Part Two

"My suffering is a reflection of his suffering," Esther Pollard answers when I refer to her agonizing efforts to free her husband Jonathan Pollard from prison. I am reminded of the powerful symbolism of Elul an acronym of the verse "Ani l'dodi V'dodi Li" I am for my beloved and my beloved is for me. Indeed Esther's strength seems to radiate from her total oneness with Jonathan.

How did this singular union come about? It started with a letter Esther wrote to Jonathan Pollard six years ago in response to a newspaper article. A bundle of 25 letters were brought to the cell of the lonely prisoner on that day. With an unerring sense of destiny, Jonathan selected Esther Zeitz's letter for a response with his stamp allotment for the day. A correspondence ensued between the attractive Canadian-born teacher of English at the Hebrew University and the American-born spy serving a life sentence in an Israeli prison. Their deepening friendship led to Esther's role as Jonathan's spokesperson and ultimately to their unique marriage.

Although growing up in an Orthodox Jewish milieu in Montreal, Esther Zeitz's faith and Jewish commitment became more profound through her marriage to Jonathan Pollard, whom she calls "a hero of the Jewish people." She says, "G-d chose a very special man to give the Jewish people an opportunity to do Kiddush HaShem." As to her personal life, her marriage to Jonathan Pollard ended Esther's lifelong loneliness, and her search for a purpose. She explains: "Since I married Jonathan, even when we are separated by an ocean, I'm never lonely." Jonathan phones Esther every day, by no means a minor accomplishment: he stands in line for hours among hundreds of prisoners in the Butner, North Carolina penitentiary for his turn at the pay phone on his floor.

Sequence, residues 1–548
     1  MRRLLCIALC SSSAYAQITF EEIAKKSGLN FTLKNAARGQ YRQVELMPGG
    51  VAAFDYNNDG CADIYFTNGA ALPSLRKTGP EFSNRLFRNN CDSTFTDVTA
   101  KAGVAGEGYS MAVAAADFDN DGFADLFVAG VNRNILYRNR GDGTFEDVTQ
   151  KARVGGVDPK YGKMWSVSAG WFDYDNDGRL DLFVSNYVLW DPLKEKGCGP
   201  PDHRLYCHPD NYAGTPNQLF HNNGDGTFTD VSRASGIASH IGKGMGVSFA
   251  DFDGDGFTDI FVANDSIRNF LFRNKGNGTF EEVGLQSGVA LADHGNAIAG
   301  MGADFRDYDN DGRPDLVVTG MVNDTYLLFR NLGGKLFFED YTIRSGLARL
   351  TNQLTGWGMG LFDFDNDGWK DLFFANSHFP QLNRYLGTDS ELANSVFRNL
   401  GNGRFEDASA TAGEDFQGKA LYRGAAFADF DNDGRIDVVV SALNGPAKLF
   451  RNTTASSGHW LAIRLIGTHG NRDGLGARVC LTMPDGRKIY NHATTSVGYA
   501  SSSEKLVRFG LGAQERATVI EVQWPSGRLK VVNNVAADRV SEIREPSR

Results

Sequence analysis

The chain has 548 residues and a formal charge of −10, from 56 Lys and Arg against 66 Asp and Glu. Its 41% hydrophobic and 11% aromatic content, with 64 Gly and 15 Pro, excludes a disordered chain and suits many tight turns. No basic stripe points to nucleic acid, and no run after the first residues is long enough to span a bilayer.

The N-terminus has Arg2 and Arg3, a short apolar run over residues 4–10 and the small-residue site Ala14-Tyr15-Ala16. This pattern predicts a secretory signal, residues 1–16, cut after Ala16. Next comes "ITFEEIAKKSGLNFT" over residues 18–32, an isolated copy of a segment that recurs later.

Sipping diet Coke in the elegant lobby of Jerusalem's Plaza hotel, I find it difficult to harmonize the various aspects of the issue - the Jewish prisoner, victim of the US State Department's anti-Semitic pro-Arab sentiments, incarcerated in a high-security American prison, reaching for the lifeline to Jerusalem and the woman he loves, for the promise of freedom.

Prime Minister Benjamin Netanyahu is now the head of the Jewish State for whose welfare Pollard bartered his future. Will he indeed discharge his government's responsibility towards its agent in a manner that four previous Israeli leaders had failed to do, and secure his freedom with "a new creative approach" as he promised?

And President Clinton in Washington - will he grant "equal justice" to the agent of a friendly nation and reverse his earlier stand? Will he rise above his advisors with vested interests in Pollard's punishment, admit his error in his reasons for refusal, and realize that Pollard's alleged "enormous crime" had not "done damage to the US." and that Jonathan "did express remorse" for what he had done?

Will the prophetic words of former Chief Rabbi Mordecai Eliyahu heralding not only the freedom of Jonathan Pollard but the focus of the people of Israel on Kiddush HaShem be realized? Will his words that Jonathan will be imminently released be fulfilled in the month of Elul, the month of mutual devotion, crowning Esther Pollard's efforts with the ultimate blessing?